Example of a Ray-Bans scam ad. Photo courtesy of Vice
MADELEINE LUCCHETTI | ASST. OPINION EDITOR | firstname.lastname@example.org
The con artist is a unique breed — their work is either laughable or connivingly believable. Fraudulent schemes within the digital world aren’t new, and some of them have inexplicably survived for years.
Classic scams are underappreciated. Who doesn’t love a good Ponzi scheme or multi-level marketer? Amidst significant threats to cybersecurity and rampant identity theft, it’s sort of amazing, honestly, that some of the more ridiculous hoaxes have stuck around for so long. Over break, be sure to remind grandpa that he won’t really win a free iPad when he clicks on that chain email.
Here’s my shortlist of infamous tactics that’ll make you groan nostalgically.
DM me for details
“Hey babe, we love your feed! Let’s collab, dm for details!” This comment appears underneath your recent Instagram post, laden with cutesy emojis, from an account titled something like @wanderlustgurls or @sunshinejewelry. A visit to their page reveals tiny bikinis or crappy charm necklaces marked up 400 percent and marketed by a minimalist, edgy aesthetic. Your “collaboration” with the brand will yield a 5 percent discount off their lotus flower bracelet — and, if you’re lucky, free shipping all the way from their Taiwanese sweatshop.
Hello, LinkedIn member!
Your heart flutters — a LinkedIn message! Maybe some benevolent CEO of a reputable enterprise wants to bequeath you a salaried position. Oh, wait. It’s just a local multi-level marketer, who wants to “change your life for the better” by offering you this “one-time opportunity” to join their empire. You might sell detox tea, or financial advice, or overpriced lotion: the 2018 equivalent of penny stocks. You could easily join them as a consultant — no qualifications needed beyond being “a people person” — and they’ll slash your entry fee… because, apparently, you should pay to work for them…?
90 percent off “Ray-Bans”
This is what pops onto your feed when you don’t complicate your Facebook password. Hackers use your page to advertise bougie “Ray-Bans aviator,” sold at a mere $14.99. Every other word is misspelled, followed by a liberal amount of exclamation points. It seems to have been designed in Microsoft Paint and utilizes the clip art popular in middle school presentations. If you’re looking to avoid this, maybe stop using your dog’s name as your password, since it hasn’t changed since 2012.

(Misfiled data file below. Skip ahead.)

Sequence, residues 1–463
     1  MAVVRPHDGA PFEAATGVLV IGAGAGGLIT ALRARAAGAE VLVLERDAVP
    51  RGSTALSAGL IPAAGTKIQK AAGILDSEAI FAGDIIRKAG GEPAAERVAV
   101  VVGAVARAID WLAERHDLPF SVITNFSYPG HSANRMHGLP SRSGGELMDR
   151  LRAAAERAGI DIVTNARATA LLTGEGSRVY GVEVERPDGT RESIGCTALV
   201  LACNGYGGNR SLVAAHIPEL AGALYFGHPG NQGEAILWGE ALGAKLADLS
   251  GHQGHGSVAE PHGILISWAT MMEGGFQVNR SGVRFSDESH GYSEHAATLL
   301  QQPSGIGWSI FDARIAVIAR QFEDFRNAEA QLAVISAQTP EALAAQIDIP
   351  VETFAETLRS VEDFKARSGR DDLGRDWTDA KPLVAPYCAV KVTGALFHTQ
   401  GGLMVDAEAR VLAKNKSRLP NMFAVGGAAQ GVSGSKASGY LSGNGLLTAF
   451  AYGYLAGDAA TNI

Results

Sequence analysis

This is the IRS
How odd that the International Revenue Service, a federal agency, habitually blows up your landline phone and threatens to take away some house you don’t own. Or, they claim there’s been a lawsuit filed against you after taxes were left unpaid. If you paid attention in high school AP government, you should remember that the IRS doesn’t sue citizens to collect unpaid taxes. But, if you merely provide the testy “representative” with your social security number and address, you could win a $25 iTunes gift card — so take a chance at it!
Sent directly from the deposed son of a Nigerian king! One would think such prestigious correspondence wouldn’t land in your junk folder. But you, random American, or, as he puts it “Miss,” are his last resort. There might be a sick grandmother involved, or some other life at immediate risk. Please wire several thousand dollars to email@example.com or your love life will dry up for the next decade. Oh, wait, that’s…
Chain mail curses
These were fun, actually. Remember how mad your dad was when you opened these on the family computer? You’d scroll past endless blocks of neon text while making a wish that would surely come true, but only if you forwarded the message to 15 people. And you had to forward the thing to at least 20 friends, or you risked going years without a Valentine or having your mother cursed forever by the little girl who didn’t pass the email along; she DIED.
Shave belly fat in six months
These sit alongside every healthy eating website’s recipes. Characterized by a cartoonish gif of a bloated tummy shrinking to a six-pack, these ads pop up with red text claiming a mother in — insert your hometown — has found the fountain of youth and doctors are furious with her for exposing their secret! The cure to any ailment, after all, is likely coconut oil paired with a mumbo-jumbo powder you can easily purchase from the shady link below.
Need I explain? Like iffy eBay finds, they come wrapped in layers of baggage — err, packaging. The quality is subpar, and often, they’re less exciting in person. And, uh, smaller than expected.